Triggers are rules based on relative behavior between events that one can configure on Doctor Droid platform. These triggers can be useful to notify you with an alert when any of these critical steps is impacted.
A trigger can be applied to any transaction that you set up on the platform.
Consider these use cases below, where there’s a need for stateful tracking needed:
In a data processing pipeline, you can set up a % or count-based failure rate above which you should get an alert.
In an order fulfillment product, you can setup ETA based alerts for every order on a locality level or for its average in dinner time on an hourly basis.
In a login OTP flow, you can get notified in real time if your SMS delivery success is dipping.
In a gig workers payout state machine, track the speed of transfer and get notified of failure rates and patterns like specific recipient banks failing.
Currently, you have two alternatives:
Track count(E2)/count(E1) — A success rate here will be fairly accurate if most of your transactions close in a time window that is much smaller than an evaluation window.
- E.g. If your process (from step 1 → 2) takes 3 seconds to complete, the ratio will fairly explain the value. But if the tnx takes say, 1 minute, then on a 5-minute window, there’s a potential of ~20% error margin as the count(E1) and count(E2) are not connected.
Process the value of E2/E1 at the E2 step in the code and then plot the metric of success rate/transaction time.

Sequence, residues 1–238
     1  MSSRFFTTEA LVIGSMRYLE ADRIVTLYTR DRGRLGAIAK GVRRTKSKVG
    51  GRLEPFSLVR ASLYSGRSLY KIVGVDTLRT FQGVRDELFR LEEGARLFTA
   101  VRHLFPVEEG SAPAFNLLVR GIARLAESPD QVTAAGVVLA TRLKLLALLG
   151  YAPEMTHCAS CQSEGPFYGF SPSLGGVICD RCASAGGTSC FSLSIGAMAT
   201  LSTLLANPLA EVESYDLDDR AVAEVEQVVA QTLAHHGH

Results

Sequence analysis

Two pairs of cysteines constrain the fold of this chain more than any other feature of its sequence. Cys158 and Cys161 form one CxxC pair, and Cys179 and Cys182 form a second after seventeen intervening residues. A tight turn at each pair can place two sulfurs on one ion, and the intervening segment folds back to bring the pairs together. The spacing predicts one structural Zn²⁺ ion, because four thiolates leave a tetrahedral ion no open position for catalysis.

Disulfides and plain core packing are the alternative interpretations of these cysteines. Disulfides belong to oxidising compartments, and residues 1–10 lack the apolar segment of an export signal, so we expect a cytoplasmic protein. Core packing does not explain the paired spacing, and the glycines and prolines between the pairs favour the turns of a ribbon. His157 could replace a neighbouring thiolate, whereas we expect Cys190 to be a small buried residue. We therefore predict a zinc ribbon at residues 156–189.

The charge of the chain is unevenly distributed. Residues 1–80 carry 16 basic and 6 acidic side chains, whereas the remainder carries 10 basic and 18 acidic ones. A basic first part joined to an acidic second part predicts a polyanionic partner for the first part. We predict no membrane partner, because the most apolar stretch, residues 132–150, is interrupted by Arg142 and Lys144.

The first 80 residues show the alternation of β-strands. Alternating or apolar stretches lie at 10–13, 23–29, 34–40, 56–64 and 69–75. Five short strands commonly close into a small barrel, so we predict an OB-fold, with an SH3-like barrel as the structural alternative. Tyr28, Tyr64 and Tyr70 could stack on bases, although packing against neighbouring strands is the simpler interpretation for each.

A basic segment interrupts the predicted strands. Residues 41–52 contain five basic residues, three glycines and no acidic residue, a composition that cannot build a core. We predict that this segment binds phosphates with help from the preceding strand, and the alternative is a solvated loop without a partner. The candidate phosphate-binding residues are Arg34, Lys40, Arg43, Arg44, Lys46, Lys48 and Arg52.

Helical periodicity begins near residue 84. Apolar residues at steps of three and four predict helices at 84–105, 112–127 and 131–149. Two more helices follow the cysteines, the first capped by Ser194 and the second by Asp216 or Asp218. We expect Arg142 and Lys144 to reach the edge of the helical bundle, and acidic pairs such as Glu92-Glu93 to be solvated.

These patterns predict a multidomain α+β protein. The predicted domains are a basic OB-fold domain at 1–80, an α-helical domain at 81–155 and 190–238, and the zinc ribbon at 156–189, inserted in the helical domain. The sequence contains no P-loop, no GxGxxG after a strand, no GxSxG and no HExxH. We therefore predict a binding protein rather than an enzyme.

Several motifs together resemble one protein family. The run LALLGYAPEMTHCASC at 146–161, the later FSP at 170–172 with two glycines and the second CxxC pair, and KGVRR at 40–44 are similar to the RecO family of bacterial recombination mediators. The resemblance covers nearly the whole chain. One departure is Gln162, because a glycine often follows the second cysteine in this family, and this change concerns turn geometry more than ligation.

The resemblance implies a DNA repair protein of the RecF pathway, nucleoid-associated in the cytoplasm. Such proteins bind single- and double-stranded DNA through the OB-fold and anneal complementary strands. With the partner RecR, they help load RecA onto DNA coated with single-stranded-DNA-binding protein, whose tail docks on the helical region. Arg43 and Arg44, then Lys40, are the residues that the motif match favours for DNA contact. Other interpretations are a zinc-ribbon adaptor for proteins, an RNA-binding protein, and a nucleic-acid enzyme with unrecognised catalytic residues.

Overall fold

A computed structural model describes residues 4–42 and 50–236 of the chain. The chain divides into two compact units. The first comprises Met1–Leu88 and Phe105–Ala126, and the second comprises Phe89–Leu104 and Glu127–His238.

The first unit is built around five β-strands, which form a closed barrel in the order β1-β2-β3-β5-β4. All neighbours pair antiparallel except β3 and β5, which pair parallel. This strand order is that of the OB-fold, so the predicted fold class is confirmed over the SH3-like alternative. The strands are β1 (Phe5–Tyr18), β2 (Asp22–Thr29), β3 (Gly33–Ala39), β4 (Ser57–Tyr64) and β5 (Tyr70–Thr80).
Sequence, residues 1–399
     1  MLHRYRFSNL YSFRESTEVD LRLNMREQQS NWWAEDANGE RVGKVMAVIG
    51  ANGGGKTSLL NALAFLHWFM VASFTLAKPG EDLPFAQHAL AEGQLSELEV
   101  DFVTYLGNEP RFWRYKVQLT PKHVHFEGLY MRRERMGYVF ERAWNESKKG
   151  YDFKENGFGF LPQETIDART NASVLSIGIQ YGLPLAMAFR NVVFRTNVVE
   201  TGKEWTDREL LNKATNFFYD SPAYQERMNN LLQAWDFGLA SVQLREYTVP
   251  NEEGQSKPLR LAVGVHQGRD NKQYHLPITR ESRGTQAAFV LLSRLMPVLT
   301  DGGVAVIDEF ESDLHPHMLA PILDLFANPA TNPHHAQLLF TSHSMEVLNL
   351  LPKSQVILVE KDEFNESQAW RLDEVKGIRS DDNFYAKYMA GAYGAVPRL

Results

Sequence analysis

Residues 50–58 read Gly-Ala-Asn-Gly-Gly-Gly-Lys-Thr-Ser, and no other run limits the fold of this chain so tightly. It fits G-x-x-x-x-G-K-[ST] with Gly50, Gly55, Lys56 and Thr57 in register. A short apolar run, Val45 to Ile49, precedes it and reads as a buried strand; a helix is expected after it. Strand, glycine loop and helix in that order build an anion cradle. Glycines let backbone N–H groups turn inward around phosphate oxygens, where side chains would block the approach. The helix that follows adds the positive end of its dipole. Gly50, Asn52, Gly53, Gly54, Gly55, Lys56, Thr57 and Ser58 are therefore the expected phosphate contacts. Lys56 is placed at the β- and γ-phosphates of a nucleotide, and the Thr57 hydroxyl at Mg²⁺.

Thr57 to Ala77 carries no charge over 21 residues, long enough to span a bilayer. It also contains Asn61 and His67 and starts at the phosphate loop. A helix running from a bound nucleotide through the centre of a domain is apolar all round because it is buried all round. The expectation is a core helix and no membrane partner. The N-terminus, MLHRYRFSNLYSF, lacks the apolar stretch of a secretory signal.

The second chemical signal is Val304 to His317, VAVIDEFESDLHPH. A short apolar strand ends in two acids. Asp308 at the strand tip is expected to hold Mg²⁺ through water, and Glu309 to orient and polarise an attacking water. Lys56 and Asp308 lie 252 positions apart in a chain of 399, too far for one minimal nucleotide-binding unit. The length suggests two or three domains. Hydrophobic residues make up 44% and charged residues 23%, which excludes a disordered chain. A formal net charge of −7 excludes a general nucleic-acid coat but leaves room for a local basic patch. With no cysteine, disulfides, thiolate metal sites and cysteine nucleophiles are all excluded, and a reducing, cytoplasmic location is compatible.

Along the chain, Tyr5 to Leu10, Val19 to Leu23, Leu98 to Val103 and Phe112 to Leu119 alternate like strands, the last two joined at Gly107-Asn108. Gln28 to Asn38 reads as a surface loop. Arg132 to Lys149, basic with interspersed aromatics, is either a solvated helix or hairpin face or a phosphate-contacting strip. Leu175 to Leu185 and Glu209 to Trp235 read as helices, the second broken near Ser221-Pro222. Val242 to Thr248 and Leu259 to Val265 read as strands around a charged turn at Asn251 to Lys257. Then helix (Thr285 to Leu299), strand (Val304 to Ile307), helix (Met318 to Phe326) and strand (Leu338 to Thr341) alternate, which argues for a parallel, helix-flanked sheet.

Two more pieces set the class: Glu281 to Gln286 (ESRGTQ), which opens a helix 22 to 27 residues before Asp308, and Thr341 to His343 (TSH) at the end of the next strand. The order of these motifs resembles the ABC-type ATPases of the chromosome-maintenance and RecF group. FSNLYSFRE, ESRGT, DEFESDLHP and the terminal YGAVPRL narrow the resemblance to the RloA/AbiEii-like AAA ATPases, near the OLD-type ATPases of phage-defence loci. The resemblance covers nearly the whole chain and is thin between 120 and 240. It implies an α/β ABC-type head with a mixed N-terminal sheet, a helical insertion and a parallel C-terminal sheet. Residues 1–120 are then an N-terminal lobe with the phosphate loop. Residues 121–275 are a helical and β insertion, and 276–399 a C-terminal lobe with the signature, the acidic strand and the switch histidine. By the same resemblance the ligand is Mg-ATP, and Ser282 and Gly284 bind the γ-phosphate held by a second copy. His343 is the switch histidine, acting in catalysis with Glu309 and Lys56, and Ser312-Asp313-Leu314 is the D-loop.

- The risk here is that in case the code didn’t reach till E2 or takes too long, you wouldn’t get proactive visibility on it.
Types of Triggers
Consider an example where you’re a video recording tool and you want to track if your recording → processing workflow is happening perfectly fine.
Let’s say, there are certain types of cases where you want to be particularly perfect. Say a high-paying customer or a specific type of video.
This is for generating an alert when E2 is delayed by more than 'X' time interval than E1.
It will generate alerts for each such instance and notify you of the E1 payload for which it happened. This type of trigger is useful when you need to know if “every” customer had a good experience.
This is for use cases when you want to get insights on aggregate behavior.
For instance, in case you want to get notified if more than 1% of your users are impacted for this transaction or if the p99 for this transaction is exceeding a certain value in the last 5 minutes.
Filter on attributes in either of the events so that only the events satisfying that filter are being considered for the trigger rule.
For the aggregated events trigger, you can choose to consider only those cases where the secondary event got missed or only got delayed.
In case you send duplicate events with the same group key, we consider the first event while creating transactions or reviewing trigger rules.
In case you can think of a use case where you want to set up a trigger, sign up here.